I'm sorry I have not written. I had no words. Everything was just numb.

My mother died on Mother's Day, 2009. I was with her for the last two weeks of her life, and it was an emotional roller coaster that can only exist in a troubled, volatile, sometimes violent relationship. While I tried to explain away much of what she said as being drug induced from the painkillers, the truth is that her criticisms and insults, even in the last two weeks of her life, were the same things she's been saying to me all my life. She just couldn't bring herself to accept me for who I am, even as she knew death was only days or hours away. My brother confirmed this, too.

I learned much about my mother by talking to him in the days and weeks and months after her death. Things I didn't know he knew. Things he observed but never brought up, to avoid rocking the boat in his very good relationship with her.

I talked quite a bit with a social worker who spent several months with my mom in hospice. She said I was a "lightning rod" in the family, and that my brother was the one who smoothed things over.

I think I am finally starting to get it that the reason I was never good enough in my mother's eyes has more to do with my mother than with me. But it is still so very hard to feel like I am worthy of love and acceptance.

It was just this past Mother's Day (2010) that I finally was able to really cry and let go of some of the grief and anger and guilt I've been holding for over a year. It was not even something I could bring up in therapy because it was too raw, too painful to fit into a 45-minute session and then put my public mask on and go back out into the world.

There is more.

My mom's live-in boyfriend was emotionally and verbally abusing her. I didn't get it when she would tell me about their fights because she was always the instigator with my dad and I am sorry to admit that I thought she played some part in her fights with her boyfriend. But then he started in on me when I was there with my mom for those last two weeks. The nicest thing he called me was a bully. He threatened me with physical harm. He told me I was not welcome in the house and to never come back. He told me that my mom didn't love me anymore and that the only reason she didn't object to my being there was because she was too weak. He verbally attacked the hospice nurses and threatened to call the police. My brother finally convinced him to say his goodbyes to my mom and go on vacation until it was all over.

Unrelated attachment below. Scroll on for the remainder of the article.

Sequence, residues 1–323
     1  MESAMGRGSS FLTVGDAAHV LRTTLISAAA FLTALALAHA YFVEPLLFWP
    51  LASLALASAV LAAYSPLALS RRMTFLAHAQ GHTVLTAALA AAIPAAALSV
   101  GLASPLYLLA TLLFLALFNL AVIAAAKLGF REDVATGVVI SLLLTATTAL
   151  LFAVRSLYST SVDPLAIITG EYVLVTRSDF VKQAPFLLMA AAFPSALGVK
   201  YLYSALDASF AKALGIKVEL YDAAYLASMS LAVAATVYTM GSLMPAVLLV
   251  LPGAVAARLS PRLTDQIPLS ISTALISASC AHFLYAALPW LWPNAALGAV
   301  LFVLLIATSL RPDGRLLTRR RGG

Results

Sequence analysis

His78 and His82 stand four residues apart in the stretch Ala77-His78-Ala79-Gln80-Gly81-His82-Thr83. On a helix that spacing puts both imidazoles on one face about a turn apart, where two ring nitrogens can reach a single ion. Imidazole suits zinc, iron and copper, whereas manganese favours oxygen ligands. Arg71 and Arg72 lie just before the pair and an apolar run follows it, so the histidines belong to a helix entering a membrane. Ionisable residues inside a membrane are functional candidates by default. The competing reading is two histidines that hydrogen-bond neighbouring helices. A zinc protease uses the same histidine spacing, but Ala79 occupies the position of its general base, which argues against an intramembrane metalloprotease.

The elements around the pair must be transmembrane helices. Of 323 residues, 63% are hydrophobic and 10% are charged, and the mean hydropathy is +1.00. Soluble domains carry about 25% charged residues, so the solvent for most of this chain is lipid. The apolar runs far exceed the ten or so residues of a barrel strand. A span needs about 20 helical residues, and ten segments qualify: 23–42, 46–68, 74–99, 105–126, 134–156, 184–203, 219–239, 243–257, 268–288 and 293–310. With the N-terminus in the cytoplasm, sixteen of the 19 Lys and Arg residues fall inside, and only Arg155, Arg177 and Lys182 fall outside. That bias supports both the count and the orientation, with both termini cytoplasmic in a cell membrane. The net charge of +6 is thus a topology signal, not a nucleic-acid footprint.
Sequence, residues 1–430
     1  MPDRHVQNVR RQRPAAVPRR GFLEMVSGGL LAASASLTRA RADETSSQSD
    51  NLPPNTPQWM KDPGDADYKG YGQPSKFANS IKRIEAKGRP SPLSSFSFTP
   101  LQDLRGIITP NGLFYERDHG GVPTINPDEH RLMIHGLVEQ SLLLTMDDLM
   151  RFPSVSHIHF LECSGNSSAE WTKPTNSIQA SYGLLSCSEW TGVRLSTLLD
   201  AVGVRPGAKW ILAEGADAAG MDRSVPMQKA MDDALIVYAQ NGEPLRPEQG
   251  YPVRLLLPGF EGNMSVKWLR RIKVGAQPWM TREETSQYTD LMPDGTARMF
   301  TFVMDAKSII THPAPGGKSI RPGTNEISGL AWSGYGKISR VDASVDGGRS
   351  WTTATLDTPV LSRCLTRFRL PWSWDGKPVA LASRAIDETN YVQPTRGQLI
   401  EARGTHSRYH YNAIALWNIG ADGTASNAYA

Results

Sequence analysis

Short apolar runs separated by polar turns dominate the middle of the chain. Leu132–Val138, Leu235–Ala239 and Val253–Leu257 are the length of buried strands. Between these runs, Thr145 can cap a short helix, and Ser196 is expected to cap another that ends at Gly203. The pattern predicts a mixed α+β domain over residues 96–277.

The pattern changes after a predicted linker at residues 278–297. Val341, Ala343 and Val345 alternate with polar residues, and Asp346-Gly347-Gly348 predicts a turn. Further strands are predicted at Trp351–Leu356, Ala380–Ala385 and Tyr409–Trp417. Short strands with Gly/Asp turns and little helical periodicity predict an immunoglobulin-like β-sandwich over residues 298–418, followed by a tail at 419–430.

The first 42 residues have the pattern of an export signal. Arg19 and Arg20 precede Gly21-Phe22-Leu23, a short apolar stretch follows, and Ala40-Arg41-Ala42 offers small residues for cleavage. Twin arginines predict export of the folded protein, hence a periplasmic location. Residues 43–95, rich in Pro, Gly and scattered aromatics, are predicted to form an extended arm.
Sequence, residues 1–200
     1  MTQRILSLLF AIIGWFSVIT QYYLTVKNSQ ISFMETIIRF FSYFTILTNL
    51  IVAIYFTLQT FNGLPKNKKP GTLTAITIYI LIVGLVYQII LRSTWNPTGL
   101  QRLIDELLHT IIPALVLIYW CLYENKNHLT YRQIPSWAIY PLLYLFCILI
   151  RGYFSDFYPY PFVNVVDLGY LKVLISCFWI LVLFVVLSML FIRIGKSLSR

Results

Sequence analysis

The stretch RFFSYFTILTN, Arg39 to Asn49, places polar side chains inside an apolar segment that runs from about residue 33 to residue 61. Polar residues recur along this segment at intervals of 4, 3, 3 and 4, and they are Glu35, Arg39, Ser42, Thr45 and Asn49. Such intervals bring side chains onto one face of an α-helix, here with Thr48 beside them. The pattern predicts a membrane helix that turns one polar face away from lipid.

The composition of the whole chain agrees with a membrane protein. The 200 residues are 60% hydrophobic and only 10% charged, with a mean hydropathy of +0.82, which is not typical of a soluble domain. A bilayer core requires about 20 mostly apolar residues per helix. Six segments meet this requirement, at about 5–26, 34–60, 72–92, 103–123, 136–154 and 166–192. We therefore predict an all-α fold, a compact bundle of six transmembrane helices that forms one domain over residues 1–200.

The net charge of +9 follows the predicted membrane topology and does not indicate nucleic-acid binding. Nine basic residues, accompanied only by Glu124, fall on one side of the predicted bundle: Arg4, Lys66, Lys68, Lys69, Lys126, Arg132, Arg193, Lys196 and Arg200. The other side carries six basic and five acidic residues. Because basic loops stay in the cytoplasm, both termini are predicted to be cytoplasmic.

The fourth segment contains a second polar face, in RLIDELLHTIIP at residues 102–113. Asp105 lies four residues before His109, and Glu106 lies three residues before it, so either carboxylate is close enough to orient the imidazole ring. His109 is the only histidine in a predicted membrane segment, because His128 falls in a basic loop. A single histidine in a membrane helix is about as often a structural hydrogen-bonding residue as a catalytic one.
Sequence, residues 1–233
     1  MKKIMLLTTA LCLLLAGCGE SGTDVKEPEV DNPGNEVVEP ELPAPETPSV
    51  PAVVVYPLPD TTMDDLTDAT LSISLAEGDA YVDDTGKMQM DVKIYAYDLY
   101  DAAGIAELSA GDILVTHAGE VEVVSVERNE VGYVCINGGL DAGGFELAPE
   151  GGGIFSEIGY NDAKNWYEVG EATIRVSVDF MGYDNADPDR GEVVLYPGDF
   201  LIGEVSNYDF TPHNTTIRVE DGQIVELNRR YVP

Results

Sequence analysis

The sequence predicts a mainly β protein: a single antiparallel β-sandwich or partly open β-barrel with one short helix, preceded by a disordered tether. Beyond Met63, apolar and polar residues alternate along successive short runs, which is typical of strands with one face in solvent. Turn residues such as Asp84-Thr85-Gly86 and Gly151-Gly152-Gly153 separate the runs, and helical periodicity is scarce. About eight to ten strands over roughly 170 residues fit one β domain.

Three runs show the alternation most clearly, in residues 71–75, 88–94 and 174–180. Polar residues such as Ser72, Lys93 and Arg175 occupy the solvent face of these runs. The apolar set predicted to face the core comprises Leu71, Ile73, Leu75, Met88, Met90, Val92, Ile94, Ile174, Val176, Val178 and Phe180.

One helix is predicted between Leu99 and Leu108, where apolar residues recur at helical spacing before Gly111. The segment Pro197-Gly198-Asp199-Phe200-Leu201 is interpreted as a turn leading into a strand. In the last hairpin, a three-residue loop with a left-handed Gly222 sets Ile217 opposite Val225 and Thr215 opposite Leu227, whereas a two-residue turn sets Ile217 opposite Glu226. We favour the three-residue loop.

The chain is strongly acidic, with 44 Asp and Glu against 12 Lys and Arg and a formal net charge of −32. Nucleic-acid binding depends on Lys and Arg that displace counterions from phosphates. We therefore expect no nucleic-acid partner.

I knew even as he was saying these horrible things that it was him, not me. But it brought back all of the horrible things my mom said repeatedly to me when I was growing up and I wondered again as I had years ago, what if there's some truth to it?

My mom's rages always ended with my being beaten. Hearing her boyfriend rage at me immediately took me back to the same place, and I truly feared for my life. I also feared for my mom's safety and it was a very weird situation to see my mom as the victim.

I confided in one of the social workers who was at the house when the boyfriend went into his worst rage against me and the hospice workers. He noticed I was wearing a Star of David and asked, You're Jewish? I said yes. He said, But your mom doesn't consider herself Jewish? I said no. He gave me two thumbs up and a grin and said, Rockin'! He was one bright spot in an otherwise abysmal day.

It has only been in the past month, maybe, that I am trying to move forward. I am trying to treat myself better, eat better, exercise with mindfulness. I am trying to clean up the mess in my house and my life so I can have the future I want, the future I think G-d wants for me. I am trying to open up and talk about the past a little more, so I can finally let it go.

I wondered recently why we are in the world. Some would say we are here to honor G-d, but that is too simple and too ambiguous for me. I believe G-d wants us to be happy. I believe G-d wants us to help each other. I believe G-d wants us to find the best in ourselves and each other and make the world a better place. I think that's what the mitzvot are about, and believing horrible things about myself is not on the list.

Wednesday, April 22, 2009

Mom update

I am so sorry I disappeared like that. It was not intentional. Everything is just so overwhelming and I am trying to cope day to day but some things fell off the back burners behind the stove and I didn't find them until I was cleaning for Passover.

My mom is still alive, but her health is declining rapidly. I can't believe I left my last update the way I did. I thought I had written one more.

Here is the update to bring you all current. It is possible that from this information, some readers may think they know who I am, or may be sure of who I am. I guess I can't do much about that anymore. My "secret" of dealing with depression and anxiety now seems so small compared to losing a parent slowly and painfully from cancer. Just don't post anything publicly, please.

My mom saw Dr. Norton, the surgeon who specializes in pancreatic cancer, in early December. He looked at her scan and determined that the pancreatic tumor had fully encapsulated her vena cava, I think it was. He could not operate. With no surgery, the only option was chemo. But before she could start chemo, she had to be assigned to an oncologist at her primary clinic.